A woman scientist at Salk has not been promoted to a tenured-professor appointment since 2009, according to the complaints.

Lundblad, an elected member of the prestigious National Academy of Sciences, was hired by Salk in December 2003. She claims the institute engages in “explicit and implicit gender discrimination,” including only allowing the professor to present her research findings at the annual Salk faculty retreat twice over the past 13 years, while some male faculty members “have presented their work repeatedly year after year.”

The retreat is a critical opportunity for research faculty to present their findings and find funding sources to further their research.

“The Salk tenured women professors’ research is not presented and they are not given the same opportunities to share their important findings, receive accolades and, importantly, Salk’s development team fails to learn about their science to help with donors or funding,” the complaint states.

That lack of funding opportunity is further compounded by “constant pressure for at least five years by Salk senior administration to downsize her laboratory.”

Lundblad says even though she receives consistent funding from the National Institutes of Health, she, Jones and other tenured female professors have been asked to cut back, with the labs run by the women ranking as “three of the smallest research groups at Salk.”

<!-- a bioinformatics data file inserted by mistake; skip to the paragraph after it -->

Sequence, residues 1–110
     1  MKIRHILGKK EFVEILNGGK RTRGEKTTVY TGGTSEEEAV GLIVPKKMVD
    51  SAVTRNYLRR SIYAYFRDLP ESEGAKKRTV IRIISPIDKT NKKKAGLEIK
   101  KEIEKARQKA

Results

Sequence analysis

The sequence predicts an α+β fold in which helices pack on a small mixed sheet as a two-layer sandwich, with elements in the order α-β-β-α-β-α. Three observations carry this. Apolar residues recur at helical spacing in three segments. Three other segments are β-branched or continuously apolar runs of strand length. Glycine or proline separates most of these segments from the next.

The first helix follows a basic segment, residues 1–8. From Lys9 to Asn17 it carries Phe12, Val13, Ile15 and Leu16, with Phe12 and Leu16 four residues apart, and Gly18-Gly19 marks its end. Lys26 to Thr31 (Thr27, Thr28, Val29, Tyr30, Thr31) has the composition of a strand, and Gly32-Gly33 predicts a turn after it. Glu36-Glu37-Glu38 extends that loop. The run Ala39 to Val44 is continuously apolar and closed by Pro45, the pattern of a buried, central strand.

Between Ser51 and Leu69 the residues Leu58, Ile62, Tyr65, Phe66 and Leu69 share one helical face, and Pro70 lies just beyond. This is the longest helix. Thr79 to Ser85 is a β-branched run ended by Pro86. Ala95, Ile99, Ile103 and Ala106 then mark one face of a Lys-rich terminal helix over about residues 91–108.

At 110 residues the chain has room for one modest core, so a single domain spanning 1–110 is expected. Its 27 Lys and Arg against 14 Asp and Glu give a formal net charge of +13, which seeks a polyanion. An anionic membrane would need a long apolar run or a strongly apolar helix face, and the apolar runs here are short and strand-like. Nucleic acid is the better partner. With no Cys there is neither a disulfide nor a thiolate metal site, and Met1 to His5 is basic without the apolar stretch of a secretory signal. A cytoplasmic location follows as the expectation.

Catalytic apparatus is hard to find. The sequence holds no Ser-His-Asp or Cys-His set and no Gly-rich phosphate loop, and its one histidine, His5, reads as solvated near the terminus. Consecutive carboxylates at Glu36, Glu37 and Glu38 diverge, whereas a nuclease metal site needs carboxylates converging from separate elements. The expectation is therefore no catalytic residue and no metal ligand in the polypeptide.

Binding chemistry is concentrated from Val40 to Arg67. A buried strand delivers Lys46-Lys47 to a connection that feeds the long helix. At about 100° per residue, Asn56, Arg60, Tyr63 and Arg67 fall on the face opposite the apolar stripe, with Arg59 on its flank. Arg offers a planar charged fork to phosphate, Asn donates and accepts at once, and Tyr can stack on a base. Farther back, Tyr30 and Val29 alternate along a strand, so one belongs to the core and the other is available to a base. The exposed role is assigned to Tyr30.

“Salk only employs three women who are full professors, yet those same women professors are under constant pressure to reduce their labs, reducing the ability of these labs to conduct cutting-edge research. Salk then claims 100 percent of the Salk tenured women professors’ research is not on par with the men, who have access to extensive Salk-controlled financial resources which are not available to Salk tenured women professors,” the women claim.

Because of the pressure to downsize, Lundblad says her lab is “undervalued” and is less productive in terms of the number of scientific publications her staff can produce, all of which is important for competing for grants and outside funding.

The women also point out they did not receive any funding from two of the largest single donations ever made to the institute – $42 million and $25 million donated in 2013 and 2016 by the Helmsley Foundation – because the funding was controlled by another staff member who had “historically denied support to Salk-employed women.”

Money raised at the Salk Women & Science initiative has not benefited women scientists, Lundblad and Jones claim, with six of the seven money awards handed out going to labs run by male faculty, according to the complaint.

Salk issued a statement on the lawsuits, saying it is “committed to providing equal employment opportunities to all” and will “vigorously defend itself through the legal system against any allegations of gender discrimination with full confidence in prevailing.”

The institute pointed out Lundblad and Jones have received $5 million in funding over the past 10 years, though it is not clear how that figure stacks up against funding for male faculty. Salk’s Women & Science program has raised over $450,000 over the past five years to “support the advancement of women in science,” according to the statement.

The scientists are represented by Deborah Dixon with San Diego firm Gomez Trial Attorneys.